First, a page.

Monday, April 11, 2011

I'm Not Most People

This was originally written back in 2006 in my now defunct Vox blog and was republished in the first CPH mini-magazine during the 2006 National Cosplay Competition held by the people behind Ozine and CPH. I've edited some grammar but the info is mostly intact and original. If you change the dates from 2006 to 2011, you'd be surprised the gist is still the same.

Recovered this file using the Waybackmachine, just thought I'd publish it here.


"Hi, my name is Robert, and I'm not most people."

Unfortunately this line, which was a statement of non-conformity back in 2000 to 2002, has lost its unique appeal given to the fact that what a few people did then has become the norm now. What am I talking about? Cosplaying of course.

Cosplaying has been one of those very unusual hobbies in the Philippines due to the fact that it involves people dressing up in garments similar to 2D cartoon characters and acting like them... in public. Yep, these little bunch of crazies would arm themselves in little groups, go to the mall during conventions, and wear costumes of their favorite anime idol. Its not what most people would do, or even touch with a ten foot pole. This hobby is within the realm of the underground minority at that time: the misunderstood, the rejected, the geeks, the freaks. Yep, they're called Anime Otakus.

Cosplaying is like the next step, a loud if not alarming statement to the public at large: "I'm wearing a costume, I love my anime, kiss my ass or bite me fools!"

So like i said, we were not most people.

Fast forward to 2006. Every anime network and gaming corporation known in the Filipino sociosphere is holding a cosplay event, as a means to attract their "target market". What was once exclusive to the world of brainy geeks and fantasy freaks is now in the hands of the other extreme end of the spectrum: basically everyone else.

Thanks to the media, cosplaying has become an accepted means of realizing your fantasy. But fantasizing is no longer limited to just being your favorite anime character, that very fantasy has held a certain tangible promise. The promise of fame, fortune and being kick-ass.

Now these things are not without help. For better or worse, some otakus early on decided that to stop the awful stereotyping of cosplayers being in the loser's society of bizzare fat hairy guys in sailormoon costumes, these few peeps decided to spread the idea of cosplaying to anyone who dared to be interested. They made websites, forums about cosplaying and cosplaying tips, they held gatherings, emailed each other and went en mass to every dark and dreary corner of Divisoria to find the cheapest and most affordable materials for their costumes.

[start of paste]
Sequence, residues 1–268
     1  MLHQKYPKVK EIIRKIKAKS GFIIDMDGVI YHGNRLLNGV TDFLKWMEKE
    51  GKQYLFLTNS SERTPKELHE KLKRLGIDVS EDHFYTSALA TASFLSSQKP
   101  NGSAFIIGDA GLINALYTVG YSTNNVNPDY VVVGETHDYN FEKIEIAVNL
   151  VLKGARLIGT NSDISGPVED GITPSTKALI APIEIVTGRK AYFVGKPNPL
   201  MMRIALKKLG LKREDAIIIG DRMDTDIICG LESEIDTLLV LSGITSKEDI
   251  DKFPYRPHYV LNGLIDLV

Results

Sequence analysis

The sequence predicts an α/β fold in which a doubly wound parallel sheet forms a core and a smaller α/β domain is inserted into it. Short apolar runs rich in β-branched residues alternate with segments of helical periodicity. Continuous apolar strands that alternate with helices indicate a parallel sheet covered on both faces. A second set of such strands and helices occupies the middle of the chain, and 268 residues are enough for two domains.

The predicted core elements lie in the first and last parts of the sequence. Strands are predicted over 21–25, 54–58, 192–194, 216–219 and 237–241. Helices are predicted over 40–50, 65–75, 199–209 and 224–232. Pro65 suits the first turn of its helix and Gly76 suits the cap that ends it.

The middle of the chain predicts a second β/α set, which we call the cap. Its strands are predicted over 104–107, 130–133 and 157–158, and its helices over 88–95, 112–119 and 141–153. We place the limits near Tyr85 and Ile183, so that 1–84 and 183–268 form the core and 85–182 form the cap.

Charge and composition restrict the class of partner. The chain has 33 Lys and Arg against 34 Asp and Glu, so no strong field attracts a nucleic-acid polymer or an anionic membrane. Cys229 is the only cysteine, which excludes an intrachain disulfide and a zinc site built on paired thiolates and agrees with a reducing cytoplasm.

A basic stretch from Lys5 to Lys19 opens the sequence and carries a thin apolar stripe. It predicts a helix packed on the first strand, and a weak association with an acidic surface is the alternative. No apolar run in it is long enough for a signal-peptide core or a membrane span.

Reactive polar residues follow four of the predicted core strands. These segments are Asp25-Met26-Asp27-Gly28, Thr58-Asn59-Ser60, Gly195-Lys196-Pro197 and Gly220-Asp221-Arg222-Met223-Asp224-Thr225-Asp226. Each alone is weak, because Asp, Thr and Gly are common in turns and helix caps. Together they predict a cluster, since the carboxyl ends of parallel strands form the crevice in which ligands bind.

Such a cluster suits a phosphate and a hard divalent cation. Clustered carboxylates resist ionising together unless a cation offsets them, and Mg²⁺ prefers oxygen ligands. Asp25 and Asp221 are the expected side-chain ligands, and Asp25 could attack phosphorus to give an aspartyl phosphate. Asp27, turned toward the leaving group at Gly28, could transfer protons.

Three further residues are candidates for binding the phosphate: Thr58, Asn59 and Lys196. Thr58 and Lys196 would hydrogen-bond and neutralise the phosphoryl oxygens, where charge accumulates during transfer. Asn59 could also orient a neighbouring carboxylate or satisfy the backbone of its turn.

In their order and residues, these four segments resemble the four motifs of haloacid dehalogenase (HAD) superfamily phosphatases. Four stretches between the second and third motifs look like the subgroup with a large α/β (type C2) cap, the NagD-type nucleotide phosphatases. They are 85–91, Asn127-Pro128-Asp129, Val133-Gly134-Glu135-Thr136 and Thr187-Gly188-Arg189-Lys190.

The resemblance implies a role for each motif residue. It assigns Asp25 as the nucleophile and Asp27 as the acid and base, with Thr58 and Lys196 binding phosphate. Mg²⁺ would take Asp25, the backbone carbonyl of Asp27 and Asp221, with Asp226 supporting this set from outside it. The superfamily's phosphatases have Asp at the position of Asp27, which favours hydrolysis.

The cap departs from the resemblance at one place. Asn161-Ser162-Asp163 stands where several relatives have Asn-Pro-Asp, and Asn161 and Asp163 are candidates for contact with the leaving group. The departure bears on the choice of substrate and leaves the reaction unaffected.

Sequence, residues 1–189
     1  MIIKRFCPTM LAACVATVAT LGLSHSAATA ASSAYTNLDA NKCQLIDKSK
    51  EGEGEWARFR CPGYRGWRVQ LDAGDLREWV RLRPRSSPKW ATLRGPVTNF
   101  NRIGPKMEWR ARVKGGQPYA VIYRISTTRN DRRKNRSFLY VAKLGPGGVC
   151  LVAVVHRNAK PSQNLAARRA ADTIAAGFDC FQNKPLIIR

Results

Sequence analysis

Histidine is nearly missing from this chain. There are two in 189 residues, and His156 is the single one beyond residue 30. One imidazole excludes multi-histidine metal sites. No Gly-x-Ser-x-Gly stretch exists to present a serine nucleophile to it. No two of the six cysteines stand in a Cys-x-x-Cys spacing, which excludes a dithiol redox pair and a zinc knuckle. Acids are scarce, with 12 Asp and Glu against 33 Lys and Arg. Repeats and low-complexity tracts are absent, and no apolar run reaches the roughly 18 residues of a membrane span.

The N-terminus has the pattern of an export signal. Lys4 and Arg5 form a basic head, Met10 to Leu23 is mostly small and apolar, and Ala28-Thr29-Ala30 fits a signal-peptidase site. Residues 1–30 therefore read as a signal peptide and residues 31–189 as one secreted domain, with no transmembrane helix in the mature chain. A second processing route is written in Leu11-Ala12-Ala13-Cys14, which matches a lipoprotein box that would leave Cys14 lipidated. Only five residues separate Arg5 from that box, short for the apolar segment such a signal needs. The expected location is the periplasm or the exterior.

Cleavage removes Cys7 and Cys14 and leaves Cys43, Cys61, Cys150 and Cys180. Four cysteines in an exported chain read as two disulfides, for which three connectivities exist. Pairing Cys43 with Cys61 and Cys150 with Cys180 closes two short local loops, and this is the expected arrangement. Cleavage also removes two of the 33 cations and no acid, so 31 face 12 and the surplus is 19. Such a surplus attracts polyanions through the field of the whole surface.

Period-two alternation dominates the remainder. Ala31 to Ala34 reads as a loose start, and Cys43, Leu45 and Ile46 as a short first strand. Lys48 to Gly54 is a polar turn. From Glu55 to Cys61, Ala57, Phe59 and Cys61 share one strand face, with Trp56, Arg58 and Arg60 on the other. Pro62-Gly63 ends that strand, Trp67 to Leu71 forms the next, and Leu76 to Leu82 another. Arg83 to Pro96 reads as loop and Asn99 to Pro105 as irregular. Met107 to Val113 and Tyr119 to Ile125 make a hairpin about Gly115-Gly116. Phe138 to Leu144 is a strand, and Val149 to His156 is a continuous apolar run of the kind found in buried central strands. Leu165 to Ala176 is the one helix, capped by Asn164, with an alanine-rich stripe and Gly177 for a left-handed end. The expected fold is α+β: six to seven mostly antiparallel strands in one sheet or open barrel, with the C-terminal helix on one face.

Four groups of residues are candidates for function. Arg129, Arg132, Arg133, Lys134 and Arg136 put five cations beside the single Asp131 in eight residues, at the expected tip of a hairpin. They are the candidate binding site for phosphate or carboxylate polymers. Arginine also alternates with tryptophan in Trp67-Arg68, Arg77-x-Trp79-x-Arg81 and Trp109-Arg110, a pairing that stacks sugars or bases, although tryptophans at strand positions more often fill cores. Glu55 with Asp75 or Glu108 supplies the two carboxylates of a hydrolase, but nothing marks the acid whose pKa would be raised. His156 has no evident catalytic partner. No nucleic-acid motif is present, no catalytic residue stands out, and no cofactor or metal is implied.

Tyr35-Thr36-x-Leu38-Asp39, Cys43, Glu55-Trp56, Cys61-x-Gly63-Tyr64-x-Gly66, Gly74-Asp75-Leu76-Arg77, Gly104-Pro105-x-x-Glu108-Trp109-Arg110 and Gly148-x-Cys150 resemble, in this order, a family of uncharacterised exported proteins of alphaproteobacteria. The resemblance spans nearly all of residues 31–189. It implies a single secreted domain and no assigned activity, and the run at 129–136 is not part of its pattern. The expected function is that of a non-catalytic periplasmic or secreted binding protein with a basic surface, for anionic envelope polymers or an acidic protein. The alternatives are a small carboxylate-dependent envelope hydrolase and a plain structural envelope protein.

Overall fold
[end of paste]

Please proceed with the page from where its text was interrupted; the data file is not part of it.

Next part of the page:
Soon, almost everyone had access or knowledge on how to cheaply produce their costumes. And they told their friends about it. Then those early cosplayer vets who finally graduated from school, landed jobs at these very anime network and gaming corporations, spreading the influence that cosplaying is the thing to make their image more friendly and attractive and often end up personally organizing these corporate activities. And guess what? They were successful. So much that everyone else was convinced it was the most fun thing to do on planet Earth.

Things got complicated afterwards. When it was still considered a minority activity, everyone usually agreed on one thing: cosplaying is for fun. The innocent kind of fun where wearing a costume no matter how tacky it looked meant you were the ultimate hard core anime fan, and your fellow otakus will love you for it. And they all agreed to that philosophy.

Now I remember my sociology professor mentioning something about The Melting Potphenomenon. People from different sorts of backgrounds come together and try cosplaying. People with different sets of goals and philosophies. Differences meant conflicts. Conflicts result to Factions. So we end up having different sets of people with different views on how cosplaying should be done. Some even had a word for this: Cospolitics.

Its hard to imagine a fractured set of groups still flying under the same cosplay banner, but its there, and they still cosplay. Its interesting to note each group follow a similar path in which they believe cosplay will lead them. Its like religion in its most basic sense. One group would stick to what they believe "is the old school ideal" which is to basically have fun. Another group would cosplay for the sake of being known, a chance to show off, to be famous. Thanks to networks, that can easily be achieved if you have the best kick ass costume, you get to be on TV. Others want to be celebrities. Extreme ones call for costume perfection if you want to be a boni-fide cosplayer. And then there's others with less than honorable ideals.

So what now? What is the future of Philippine cosplaying now that it has reached what most people view as the zenith of its life cycle? Just like every behavior that involves entropy, everything goes back to its most simple form. Ashes to ashes, dust to dust, and in the end only the otaku is left standing.

Could have been worse.


In retrospect, this was written almost 6 years ago. What happened now? Is the cycle still the same? Discussions are welcome, although the usual rules regarding spamming, flaming and trolling still apply.

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